Burial vaults exposed after Maui cemetery collapse - Hawaii News Now - KGMB and KHNL

Burial vaults exposed after Maui cemetery collapse

MAUI (HawaiiNewsNow) -

The final resting place for more than two dozen people at a Maui cemetery was disrupted after a collapse nearly a year ago, and repairs still haven't been completed.  Maui Memorial Park opened in 1964 on a slope facing the West Maui Mountains, but when a portion of that hillside collapsed last December, it left behind an unsettling sight for many visiting families.

Margie Porter visits her Mom and Dad who are buried at Maui Memorial Park every week.

"It's a disgrace.  It's very disrespectful.  It just breaks my heart, regardless if it was my parents or for anyone who is buried there and their families," said Porter by phone from Pukalani, Maui.

What's troubling Porter and many others who have loved ones at the cemetery is the sight of burial vaults emerging from the hillside, exposed to the elements.

"They're all sticking out of the hill," Porter described.

Officials say a portion of the retaining wall collapsed last December, causing a rock and sand slide that exposed several burial vaults, but never any caskets.  Approximately 12 to 15 graves and nearly 20 urns were displaced.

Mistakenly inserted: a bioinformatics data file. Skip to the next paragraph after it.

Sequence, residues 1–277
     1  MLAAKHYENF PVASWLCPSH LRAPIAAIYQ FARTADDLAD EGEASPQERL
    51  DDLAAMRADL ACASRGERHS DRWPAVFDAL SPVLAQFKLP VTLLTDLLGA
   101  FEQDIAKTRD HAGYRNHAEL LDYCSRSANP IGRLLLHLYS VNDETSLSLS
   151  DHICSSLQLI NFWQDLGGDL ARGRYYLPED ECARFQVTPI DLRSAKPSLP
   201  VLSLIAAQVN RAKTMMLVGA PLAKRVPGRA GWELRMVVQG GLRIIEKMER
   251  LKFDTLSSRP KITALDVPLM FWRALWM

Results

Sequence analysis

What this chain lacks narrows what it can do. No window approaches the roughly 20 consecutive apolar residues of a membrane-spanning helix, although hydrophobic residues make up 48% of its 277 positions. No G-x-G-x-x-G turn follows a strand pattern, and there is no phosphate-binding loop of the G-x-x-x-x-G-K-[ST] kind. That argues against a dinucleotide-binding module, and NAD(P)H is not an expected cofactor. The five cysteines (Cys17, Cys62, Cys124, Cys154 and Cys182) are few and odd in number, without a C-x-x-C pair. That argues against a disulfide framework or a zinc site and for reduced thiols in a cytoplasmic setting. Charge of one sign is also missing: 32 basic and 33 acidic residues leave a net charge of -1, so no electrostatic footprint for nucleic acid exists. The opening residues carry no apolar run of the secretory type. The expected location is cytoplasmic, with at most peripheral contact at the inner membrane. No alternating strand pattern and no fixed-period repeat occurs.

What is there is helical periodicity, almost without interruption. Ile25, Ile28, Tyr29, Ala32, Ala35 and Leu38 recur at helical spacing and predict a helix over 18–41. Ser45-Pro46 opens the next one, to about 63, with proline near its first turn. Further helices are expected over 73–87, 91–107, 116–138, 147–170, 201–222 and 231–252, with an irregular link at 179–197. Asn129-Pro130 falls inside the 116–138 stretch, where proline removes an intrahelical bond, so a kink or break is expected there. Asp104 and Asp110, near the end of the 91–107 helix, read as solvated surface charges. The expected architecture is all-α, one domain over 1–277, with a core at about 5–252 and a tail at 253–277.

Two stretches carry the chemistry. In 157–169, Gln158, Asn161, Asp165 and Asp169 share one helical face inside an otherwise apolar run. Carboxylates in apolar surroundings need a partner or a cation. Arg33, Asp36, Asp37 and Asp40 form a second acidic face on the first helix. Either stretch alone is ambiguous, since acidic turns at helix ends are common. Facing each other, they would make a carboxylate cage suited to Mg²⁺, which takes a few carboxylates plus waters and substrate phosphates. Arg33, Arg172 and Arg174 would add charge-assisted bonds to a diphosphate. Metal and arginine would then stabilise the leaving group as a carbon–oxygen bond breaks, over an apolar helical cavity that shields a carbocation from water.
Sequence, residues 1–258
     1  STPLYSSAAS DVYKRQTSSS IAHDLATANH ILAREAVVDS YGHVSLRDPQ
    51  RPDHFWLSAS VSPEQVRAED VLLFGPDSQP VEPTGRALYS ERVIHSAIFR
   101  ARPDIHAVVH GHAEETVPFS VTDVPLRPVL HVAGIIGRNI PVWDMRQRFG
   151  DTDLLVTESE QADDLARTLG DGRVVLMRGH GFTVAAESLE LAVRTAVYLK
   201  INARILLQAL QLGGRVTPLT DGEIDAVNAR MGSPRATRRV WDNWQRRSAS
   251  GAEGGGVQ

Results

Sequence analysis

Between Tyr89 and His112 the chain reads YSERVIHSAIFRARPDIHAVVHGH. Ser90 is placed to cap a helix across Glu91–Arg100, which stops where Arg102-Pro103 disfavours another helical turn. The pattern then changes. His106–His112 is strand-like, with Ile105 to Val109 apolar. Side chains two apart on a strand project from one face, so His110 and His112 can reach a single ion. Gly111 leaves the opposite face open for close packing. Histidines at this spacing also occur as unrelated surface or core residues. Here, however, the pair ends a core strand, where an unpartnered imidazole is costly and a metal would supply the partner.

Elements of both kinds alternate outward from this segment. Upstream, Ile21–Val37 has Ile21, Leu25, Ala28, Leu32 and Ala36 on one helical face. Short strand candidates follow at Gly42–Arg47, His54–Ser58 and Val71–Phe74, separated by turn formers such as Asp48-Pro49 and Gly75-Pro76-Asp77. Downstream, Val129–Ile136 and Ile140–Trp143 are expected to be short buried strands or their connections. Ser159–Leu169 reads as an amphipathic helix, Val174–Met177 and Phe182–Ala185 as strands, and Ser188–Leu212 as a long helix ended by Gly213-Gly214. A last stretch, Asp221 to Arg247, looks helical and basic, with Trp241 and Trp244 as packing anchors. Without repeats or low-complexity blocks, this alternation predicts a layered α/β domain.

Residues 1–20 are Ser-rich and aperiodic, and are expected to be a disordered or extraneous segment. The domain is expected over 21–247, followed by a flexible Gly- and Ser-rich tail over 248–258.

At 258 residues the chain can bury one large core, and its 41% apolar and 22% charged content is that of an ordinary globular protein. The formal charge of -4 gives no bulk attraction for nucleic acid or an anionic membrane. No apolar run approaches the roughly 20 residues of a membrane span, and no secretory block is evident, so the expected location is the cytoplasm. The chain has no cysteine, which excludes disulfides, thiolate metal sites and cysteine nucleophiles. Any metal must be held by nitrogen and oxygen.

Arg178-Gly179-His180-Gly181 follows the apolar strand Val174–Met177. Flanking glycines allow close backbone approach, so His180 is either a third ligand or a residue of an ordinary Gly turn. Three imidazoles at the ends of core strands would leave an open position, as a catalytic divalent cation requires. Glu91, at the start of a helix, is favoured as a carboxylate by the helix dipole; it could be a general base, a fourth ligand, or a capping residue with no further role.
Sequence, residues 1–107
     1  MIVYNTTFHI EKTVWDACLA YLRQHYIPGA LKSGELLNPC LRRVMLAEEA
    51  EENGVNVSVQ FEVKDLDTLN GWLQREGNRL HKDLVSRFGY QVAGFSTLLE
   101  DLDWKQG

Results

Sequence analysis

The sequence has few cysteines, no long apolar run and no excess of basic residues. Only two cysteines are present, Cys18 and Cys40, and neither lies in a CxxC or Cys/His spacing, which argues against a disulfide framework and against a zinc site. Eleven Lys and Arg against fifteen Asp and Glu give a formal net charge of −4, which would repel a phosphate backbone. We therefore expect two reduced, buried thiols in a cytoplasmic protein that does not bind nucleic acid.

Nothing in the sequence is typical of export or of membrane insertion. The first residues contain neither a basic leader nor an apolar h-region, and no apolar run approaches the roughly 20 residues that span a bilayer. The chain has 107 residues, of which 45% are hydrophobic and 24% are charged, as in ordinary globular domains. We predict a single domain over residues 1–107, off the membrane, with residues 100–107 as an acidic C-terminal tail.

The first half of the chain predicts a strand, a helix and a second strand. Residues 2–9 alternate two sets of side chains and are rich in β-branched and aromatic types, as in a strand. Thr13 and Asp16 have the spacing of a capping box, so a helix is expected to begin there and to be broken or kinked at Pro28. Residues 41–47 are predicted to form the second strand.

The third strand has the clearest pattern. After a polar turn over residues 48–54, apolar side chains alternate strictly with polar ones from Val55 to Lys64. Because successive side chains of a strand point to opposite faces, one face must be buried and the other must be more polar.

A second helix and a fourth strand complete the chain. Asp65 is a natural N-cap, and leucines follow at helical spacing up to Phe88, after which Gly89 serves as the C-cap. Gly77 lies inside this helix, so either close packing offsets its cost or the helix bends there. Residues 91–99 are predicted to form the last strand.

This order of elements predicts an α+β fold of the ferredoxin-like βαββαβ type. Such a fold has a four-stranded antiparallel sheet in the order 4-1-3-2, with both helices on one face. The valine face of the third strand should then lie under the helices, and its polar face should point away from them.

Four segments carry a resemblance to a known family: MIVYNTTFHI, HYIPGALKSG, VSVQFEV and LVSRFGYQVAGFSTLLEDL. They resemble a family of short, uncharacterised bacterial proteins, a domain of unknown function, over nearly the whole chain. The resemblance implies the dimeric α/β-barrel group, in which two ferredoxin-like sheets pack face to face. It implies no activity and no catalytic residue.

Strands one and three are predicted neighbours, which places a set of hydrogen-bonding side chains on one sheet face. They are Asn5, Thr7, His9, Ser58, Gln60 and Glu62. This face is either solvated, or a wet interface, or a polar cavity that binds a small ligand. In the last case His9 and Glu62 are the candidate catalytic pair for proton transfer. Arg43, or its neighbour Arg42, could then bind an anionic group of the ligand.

"Once we removed the deceased from the burial vault and relocated them, we left the vault in the hillside because the contractor advised us to do that to keep the integrity of the hillside until we could repair it," explained Steve Hawley, a consultant with North Star Memorial Group, which oversees Maui Memorial Park.

Ten months later, Porter wants to know what's taking so long.

"It should be fixed right away, just because it's so – it breaks my heart to pass there every Saturday and to see those caskets," said Porter.

Officials say soil testing, engineering studies and permitting took time.  

"We certainly understand and that's why we're excited to get this finished and completed by the end of the year.  We just appreciate very much their cooperation and their patience as we go through this project,"  Hawley said.

According to officials, the families impacted by the collapse have been very understanding and their loved ones will be moved back to their final resting place once repairs are complete.

"It does make me feel a little bit better that the families know, but I'm pretty sure they could cover that area up with a black tarp or something that you don't have to see that every time you pass by because it really doesn't – it's not a nice looking sight at all," Porter said.

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